Be warned: you may have just sustained a lethal dose of mostly harmless science

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Cover photo courtesy of sgym@662, Flickr Creative Commons


17 responses to “Who Do We Blame for Climate Change?

  1. Pingback: Who Do We Blame for Climate Change? | Hypergeometric·

  2. It always comes down to human overpopulation. We were far dirtier and more polluting in the 1800’s, but there were far fewer of us, so we didn’t tip the scales of nature’s balance. Now, there are so many of us that, no matter what we do, we damage the planet.

    • I think the realization itself that we have the capacity to affect the environment on global scales is a relatively recent one, and it remains to be seen how and whether we can adapt to that new understanding. Thanks for reading, David!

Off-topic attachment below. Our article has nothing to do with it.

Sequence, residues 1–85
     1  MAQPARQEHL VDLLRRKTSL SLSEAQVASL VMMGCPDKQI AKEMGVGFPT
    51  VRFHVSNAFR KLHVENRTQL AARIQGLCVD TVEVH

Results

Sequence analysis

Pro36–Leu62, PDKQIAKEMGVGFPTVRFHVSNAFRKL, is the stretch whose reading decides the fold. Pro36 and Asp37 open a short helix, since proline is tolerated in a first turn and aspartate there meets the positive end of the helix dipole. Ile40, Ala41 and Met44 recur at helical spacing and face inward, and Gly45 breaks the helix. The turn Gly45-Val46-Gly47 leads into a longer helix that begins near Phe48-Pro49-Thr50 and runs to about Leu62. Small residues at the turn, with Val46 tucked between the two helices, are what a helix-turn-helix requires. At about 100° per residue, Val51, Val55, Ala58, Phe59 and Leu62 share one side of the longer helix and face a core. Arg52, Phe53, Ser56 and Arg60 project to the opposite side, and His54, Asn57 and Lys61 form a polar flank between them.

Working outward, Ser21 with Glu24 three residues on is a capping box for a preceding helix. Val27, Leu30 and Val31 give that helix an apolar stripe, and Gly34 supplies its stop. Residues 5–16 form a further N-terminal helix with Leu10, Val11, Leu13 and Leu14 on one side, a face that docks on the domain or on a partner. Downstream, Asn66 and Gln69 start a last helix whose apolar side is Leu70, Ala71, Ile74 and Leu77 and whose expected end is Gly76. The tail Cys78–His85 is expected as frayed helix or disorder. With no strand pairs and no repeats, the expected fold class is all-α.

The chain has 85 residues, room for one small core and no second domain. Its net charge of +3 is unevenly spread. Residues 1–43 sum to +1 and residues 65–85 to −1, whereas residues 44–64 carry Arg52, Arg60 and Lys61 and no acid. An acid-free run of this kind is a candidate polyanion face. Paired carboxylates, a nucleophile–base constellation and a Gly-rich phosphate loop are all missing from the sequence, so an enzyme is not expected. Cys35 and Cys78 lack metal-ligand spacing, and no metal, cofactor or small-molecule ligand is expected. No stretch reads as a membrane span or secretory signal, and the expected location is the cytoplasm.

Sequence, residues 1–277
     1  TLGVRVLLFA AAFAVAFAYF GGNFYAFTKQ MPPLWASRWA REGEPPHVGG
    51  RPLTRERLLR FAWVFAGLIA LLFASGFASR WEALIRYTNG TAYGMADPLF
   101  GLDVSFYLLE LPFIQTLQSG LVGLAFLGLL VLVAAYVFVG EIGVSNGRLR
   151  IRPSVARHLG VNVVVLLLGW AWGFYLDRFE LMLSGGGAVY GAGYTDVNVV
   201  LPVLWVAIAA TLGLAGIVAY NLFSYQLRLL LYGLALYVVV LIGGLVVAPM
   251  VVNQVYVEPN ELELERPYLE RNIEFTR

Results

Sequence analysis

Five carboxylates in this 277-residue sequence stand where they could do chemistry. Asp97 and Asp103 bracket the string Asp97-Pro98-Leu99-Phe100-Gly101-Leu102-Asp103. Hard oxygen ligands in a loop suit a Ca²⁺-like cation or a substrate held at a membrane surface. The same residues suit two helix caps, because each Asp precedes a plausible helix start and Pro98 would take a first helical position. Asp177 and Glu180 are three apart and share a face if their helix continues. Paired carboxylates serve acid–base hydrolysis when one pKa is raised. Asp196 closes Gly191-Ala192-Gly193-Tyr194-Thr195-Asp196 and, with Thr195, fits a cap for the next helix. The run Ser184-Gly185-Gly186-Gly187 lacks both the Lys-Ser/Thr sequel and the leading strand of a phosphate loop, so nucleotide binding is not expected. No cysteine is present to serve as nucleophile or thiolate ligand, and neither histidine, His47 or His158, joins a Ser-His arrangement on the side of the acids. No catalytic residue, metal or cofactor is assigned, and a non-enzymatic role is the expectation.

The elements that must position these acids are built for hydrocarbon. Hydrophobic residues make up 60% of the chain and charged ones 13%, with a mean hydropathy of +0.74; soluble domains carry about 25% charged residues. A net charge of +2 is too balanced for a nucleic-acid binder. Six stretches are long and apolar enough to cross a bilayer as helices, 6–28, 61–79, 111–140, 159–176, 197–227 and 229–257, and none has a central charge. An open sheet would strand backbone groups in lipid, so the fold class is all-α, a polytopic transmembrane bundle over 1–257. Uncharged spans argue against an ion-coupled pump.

3. Not sure of where the best place to reply is, here, or at my blog. I settled on and am scuttling my own nascent blog post on the matter.

    While I cannot confirm Mr Heede’s scholarship, it clearly represents a major effort, and his facts will serve other scholars well, irrespective of the final judgment of his conclusions.